The dictionary definition of “culture” is an elitist one, but one which is in contrast with the development of that which is contained in the term “popular culture.” Furthermore, the term “popular” as applied to “popular culture” is not at all fitting. However, to judge popular culture merely on such dictionary definitions would be a mistake given that such definitions themselves are somewhat limited—at least the term “culture” must take on a broader an more inclusive role. At the same time, it is important to remember that “popular culture” is a fiction, for it is neither popular, merely mass, nor is it “developed” from a broad-based well-spring of cultural forces, but instead produced and marketed as if it were.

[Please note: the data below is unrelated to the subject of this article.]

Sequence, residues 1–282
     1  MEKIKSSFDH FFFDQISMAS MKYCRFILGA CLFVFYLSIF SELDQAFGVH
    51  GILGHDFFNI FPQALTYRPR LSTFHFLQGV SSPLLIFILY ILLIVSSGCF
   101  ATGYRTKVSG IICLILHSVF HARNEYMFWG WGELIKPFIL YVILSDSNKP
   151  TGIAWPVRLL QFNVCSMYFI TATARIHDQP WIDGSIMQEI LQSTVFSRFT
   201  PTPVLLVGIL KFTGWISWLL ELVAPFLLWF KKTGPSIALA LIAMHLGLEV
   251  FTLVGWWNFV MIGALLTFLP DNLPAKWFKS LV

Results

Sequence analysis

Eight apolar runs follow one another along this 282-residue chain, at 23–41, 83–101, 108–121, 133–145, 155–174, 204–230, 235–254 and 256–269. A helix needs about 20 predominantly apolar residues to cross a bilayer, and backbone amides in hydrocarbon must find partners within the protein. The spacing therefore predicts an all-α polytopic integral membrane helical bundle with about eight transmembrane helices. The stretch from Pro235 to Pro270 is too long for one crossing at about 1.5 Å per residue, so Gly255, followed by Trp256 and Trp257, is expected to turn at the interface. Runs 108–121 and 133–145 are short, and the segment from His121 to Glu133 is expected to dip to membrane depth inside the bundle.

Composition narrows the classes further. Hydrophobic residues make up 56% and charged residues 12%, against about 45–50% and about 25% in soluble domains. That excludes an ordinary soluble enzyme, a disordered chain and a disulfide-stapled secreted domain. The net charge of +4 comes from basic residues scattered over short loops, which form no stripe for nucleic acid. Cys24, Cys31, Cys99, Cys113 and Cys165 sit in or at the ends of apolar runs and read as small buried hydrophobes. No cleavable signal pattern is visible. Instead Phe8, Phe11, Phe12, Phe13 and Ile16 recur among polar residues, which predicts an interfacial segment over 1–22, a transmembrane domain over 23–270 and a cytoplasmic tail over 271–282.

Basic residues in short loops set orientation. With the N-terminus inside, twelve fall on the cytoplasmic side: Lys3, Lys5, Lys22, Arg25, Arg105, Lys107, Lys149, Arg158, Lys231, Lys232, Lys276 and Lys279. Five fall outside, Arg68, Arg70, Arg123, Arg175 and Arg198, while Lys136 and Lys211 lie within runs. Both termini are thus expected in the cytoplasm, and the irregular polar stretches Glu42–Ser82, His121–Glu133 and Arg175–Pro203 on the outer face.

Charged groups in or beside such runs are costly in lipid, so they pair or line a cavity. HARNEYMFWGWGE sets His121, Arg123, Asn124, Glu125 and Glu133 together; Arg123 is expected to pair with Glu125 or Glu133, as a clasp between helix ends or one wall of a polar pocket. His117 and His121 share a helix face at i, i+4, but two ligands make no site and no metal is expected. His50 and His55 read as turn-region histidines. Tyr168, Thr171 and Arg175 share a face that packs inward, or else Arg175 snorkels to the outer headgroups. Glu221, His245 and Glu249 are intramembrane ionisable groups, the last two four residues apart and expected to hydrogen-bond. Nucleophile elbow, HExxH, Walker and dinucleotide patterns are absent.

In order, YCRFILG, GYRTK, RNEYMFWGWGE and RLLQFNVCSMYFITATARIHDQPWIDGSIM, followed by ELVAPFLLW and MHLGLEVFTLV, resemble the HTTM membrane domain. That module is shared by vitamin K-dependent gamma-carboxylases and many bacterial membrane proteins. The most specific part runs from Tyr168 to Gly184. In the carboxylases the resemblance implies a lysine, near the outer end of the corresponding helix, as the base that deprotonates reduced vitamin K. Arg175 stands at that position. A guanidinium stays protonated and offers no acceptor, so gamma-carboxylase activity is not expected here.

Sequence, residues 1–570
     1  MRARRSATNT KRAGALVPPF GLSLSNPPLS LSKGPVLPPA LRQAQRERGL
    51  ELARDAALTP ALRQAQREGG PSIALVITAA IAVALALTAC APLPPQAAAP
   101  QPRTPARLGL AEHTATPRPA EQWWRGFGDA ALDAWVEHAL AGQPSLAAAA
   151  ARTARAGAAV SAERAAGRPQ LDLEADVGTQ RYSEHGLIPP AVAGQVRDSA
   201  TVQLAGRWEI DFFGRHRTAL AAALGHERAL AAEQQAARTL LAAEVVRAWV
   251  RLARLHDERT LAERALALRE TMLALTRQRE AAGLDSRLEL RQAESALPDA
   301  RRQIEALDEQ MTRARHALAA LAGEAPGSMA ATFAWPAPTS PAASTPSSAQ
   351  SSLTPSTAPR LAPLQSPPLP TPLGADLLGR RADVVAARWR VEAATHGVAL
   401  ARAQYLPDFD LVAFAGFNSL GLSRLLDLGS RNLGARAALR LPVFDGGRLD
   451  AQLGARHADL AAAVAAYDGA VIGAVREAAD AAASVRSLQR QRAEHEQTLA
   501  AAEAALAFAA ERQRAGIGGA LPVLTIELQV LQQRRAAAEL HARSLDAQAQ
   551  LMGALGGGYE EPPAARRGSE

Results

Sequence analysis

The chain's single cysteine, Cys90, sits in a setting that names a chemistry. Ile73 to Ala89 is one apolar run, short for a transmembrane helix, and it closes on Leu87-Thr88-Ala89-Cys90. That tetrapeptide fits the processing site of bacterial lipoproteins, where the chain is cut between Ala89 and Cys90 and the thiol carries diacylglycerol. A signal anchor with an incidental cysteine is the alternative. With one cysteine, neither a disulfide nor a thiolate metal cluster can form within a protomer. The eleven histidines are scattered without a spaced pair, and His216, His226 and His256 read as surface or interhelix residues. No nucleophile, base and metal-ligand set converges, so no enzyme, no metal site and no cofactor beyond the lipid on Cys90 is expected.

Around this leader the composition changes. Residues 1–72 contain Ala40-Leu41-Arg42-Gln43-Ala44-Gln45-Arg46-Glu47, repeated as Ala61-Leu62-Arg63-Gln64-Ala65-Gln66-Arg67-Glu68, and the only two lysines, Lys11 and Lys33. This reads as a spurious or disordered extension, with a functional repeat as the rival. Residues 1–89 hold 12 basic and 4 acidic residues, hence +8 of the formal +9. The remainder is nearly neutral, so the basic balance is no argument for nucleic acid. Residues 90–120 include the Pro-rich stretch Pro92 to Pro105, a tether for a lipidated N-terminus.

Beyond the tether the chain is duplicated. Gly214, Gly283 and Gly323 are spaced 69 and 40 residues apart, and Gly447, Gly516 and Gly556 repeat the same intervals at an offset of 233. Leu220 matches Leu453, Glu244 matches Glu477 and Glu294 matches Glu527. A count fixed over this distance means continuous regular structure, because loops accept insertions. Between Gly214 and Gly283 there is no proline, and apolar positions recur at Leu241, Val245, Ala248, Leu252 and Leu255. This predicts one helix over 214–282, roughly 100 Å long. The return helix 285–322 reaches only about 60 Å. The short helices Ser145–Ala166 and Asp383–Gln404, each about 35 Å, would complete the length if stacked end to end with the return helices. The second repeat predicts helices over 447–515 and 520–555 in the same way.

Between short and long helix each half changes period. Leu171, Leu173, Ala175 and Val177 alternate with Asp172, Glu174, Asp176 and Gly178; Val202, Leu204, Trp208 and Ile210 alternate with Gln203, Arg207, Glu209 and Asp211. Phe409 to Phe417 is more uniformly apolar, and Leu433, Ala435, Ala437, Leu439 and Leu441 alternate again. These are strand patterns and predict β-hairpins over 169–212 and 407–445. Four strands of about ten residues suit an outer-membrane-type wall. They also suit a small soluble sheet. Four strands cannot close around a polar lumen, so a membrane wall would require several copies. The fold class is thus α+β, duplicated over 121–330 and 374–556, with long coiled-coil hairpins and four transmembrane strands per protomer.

This rambling, though, is merely mental masturbation, for what cannot be ignored is that despite the fictional nature of popular culture, it is still there, and the powers that be (be they the consumers who purchase, or corporations that market to the consumers, or even the share-holders/consumers investing in the corporations that in turn are marketing to the consumers/themselves) believe in it. Shouldn’t we all?

—March 13, 1999

[ Part 1 | Part 2 | Part 3 | Part 4 | Part 5 ]